Soleleitungsweg/Hallstatter See: A lovely path running above the west shore of the Hallstatter See on this old salt road, through beechwoods and at time high above the lake, with fine views much of the way. Can turned into a circuit round the lake by walking from Steeg-Gosaudown the lake’s pretty eastern shore to a ferry across to Hallstatt, then following the Soleileitungsweg back up the lake to Steeg-Gosau.

You can also use the cable car from Obertraun at the south east of the Hallstatter See to gain height for some fine higher walks – to the east of the Hallstatter See.

Klettersteigs (via ferratas): the massif is famous for having some of the best klettersteigs in Austria, and there are many available. An excellent “Active Adventures” leaflet available in the information centres lists the main ones. The long high ridge route between the cable car top and the Guttenburgerhaus to the east, including Eselstein, is probably the best known ( although the Ramasau one is claimed to be the “ Absolute classic in the Dachstein region”), and an amazing route for those who are up to it. We liked the look of the routes in the Silberkarlamm. Other exceptional ones are the Anna, Johann and Skywalk routes.

These can be tough walking in remote mountains with uncertain weather. Come fully prepared.

Have a look at TripAdvisor – you should get good, current views on places to stay, eat etc in the area.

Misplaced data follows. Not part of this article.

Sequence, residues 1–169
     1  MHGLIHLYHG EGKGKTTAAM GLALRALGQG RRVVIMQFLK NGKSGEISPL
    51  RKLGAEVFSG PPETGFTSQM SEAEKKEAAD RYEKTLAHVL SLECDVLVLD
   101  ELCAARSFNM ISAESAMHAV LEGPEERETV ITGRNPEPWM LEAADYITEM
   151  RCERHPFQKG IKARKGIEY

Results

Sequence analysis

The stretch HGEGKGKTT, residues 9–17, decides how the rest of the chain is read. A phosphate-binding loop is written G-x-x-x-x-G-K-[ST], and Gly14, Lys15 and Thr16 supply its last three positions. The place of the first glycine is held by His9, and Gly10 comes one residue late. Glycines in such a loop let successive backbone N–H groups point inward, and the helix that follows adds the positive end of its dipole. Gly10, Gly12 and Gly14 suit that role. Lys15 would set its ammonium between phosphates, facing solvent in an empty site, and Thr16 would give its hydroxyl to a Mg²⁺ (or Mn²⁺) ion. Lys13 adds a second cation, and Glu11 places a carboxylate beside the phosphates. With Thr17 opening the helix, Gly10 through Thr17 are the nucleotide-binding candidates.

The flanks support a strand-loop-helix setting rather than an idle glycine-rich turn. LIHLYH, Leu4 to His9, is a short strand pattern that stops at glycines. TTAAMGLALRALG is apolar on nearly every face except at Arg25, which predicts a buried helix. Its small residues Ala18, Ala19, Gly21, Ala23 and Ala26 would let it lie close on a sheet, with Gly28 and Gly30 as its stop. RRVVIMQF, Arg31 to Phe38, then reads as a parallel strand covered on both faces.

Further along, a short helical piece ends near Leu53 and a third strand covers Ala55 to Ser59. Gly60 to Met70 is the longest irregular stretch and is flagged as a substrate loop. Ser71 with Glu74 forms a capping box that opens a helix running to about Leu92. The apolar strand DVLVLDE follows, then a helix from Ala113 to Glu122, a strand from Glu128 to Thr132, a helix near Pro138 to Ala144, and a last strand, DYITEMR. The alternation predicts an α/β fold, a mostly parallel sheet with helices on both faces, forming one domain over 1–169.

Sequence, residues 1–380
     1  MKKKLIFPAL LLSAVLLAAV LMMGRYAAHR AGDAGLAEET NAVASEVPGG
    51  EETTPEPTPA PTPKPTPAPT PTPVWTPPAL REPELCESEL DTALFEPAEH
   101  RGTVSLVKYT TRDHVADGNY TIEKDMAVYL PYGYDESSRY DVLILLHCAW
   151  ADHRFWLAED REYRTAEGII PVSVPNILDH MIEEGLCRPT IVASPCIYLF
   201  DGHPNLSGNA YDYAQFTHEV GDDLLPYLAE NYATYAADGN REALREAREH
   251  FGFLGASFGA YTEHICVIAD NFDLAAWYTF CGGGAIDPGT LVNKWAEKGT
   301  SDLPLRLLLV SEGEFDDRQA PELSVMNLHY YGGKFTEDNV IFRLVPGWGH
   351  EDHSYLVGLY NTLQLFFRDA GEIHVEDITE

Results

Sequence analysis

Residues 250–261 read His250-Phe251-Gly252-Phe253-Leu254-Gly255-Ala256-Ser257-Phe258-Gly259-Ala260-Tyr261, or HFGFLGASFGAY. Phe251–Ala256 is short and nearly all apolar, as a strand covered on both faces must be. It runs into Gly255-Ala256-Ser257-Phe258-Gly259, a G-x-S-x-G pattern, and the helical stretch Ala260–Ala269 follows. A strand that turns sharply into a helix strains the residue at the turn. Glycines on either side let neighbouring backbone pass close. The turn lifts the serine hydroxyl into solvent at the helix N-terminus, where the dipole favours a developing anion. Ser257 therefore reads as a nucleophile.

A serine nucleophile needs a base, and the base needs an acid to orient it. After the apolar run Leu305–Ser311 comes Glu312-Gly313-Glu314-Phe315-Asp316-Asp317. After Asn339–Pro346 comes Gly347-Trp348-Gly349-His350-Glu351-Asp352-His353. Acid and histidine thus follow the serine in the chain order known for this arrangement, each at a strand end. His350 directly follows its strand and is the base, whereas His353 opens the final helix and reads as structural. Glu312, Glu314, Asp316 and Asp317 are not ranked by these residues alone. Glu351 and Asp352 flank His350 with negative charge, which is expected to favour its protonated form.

Walking in Austria  – Kev Reynolds for Cicerone: more than 100 walks in the Austrian Alps, including in the Dachstein. As usual, an inspiring book, packed with valuable information, including good detail on the routes. As Austrian maps are good, it has less on each walk that some other Cicerones, but that is fine. Recommended. Find relevant books on Amazon.

Other accounts: share your experiences

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We have a lot of helpful practical information and tips about this walk, covering everything from the best books and maps, to timing and weather, geting there, possible problems, whether you need a guide and where to find them, and useful websites. This section is only open to members.

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Safety and problems: All walks have inherent risks and potential problems, and many of the walks featured on this website involve significant risks, dangers and problems. Problems of any sort can arise on any walk. This website does not purport to identify any (or all) actual or potential risks, dangers and problems that may relate to any particular walk.

Any person who is considering undertaking this walk should do careful research and make their own assessment of the risks, dangers and possible problems involved. They should also go to “Important information” for further important information.

Anyone planning an expedition to this place should see further important information about this walk.

Rottelstein and Tor pass - © William Mackesy

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Approaching Tor pass - © William Mackesy...